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Lincoln Daily News
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Lincoln, IL 62656
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To the editor:
During the week of Sept. 20, evil came to visit a
small rural community when a family of five was brutally murdered
and a little girl was seriously injured.
As pastor of the only church in this community I have seen the
effects of evil's visit firsthand. Children were pulled from school,
parents too afraid to allow their children to leave the protection
of their homes, and the children too shocked and saddened to be able
to deal with the trauma. Elderly women, living alone, stood behind
locked doors, peering anxiously from between the curtains, wanting
some assurance that they were safe and would remain so. Men and
women who responded, either as emergency caregivers or as members of
law enforcement, searched for some clue for long hours -- the strain
etched on their faces.
What could I tell these people? That everything would be all
right; that there was nothing to fear; that their community would
recover? What could anyone do at a time like this?
We turned to the church. Prayers were offered, songs of
supplication and grief were sung; God's Word was spoken. Comfort was
sought and comfort was received. People reached to grasp another's
hand. Tears were shed, memories were shared. The community of faith
gathered, and in the words of Jesus, "Blessed are those who mourn,
for they shall be comforted."
Quiet hours were held during the week at the church, and people
came, seeking the silence and comfort of a place of worship, this
holy place where love lives. A healing service was held, where
people gathered together to begin the journey back from the dark
abyss to a place of healing and renewal.
[to top of second column in this letter]
I don't know how long it will take, but I know this little town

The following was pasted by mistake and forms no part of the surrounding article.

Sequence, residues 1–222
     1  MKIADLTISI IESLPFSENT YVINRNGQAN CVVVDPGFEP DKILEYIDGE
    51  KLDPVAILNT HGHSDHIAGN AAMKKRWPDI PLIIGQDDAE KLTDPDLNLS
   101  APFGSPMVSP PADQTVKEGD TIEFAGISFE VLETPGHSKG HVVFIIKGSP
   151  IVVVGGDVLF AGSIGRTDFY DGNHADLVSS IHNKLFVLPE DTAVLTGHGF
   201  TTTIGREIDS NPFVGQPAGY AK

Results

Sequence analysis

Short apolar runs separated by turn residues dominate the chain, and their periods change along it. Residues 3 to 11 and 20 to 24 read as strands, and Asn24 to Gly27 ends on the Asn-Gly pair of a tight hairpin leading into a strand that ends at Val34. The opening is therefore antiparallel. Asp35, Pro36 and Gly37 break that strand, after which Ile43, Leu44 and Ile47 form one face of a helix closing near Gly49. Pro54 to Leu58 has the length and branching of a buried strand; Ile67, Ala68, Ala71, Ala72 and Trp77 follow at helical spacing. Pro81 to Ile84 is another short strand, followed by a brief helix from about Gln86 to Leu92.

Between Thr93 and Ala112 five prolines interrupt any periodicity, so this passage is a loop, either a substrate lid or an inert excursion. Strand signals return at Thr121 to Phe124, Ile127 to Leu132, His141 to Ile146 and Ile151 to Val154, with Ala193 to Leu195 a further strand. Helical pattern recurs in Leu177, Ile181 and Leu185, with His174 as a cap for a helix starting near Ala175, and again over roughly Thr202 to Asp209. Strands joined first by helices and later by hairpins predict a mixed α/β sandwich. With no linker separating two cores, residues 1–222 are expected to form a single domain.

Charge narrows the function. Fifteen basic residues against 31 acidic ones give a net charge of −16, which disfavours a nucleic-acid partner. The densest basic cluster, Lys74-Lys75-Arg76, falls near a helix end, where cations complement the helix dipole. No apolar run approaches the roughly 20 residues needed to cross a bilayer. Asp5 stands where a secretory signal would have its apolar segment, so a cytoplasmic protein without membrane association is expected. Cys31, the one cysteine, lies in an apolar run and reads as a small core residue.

will survive. It won't be the same, but it can be even stronger than
it was. It can be even more loving and compassionate than it was,
for the people have seen the outpouring of love and compassion from
throughout the nation for them and for their community -- and having
experienced it, they are ready to model it to others.
To those who have prayed for us and grieved for us, we thank you.
We thank those who rushed to the scene and did the terrible work
that had to be done; we thank you. To those who still work to bring
justice, we thank you, and to those who care for little Tabitha, we
thank you. And for all who have helped financially, we thank you.
The fundraising continues and the proceeds will be used to offset
funeral expenses and expenses relating to the care of little
Yes, evil came to visit, but evil WILL be defeated. Good will
triumph and God will lead these men and women, boys and girls
through the "valley of death" into a new day and an even stronger
community than it was before.
To all of you, I say a sincere thank you and may God bless you
all -- and may He bless Beason.
Pastor Dayle Badman
Beason United Methodist Church
October 17, 2009]
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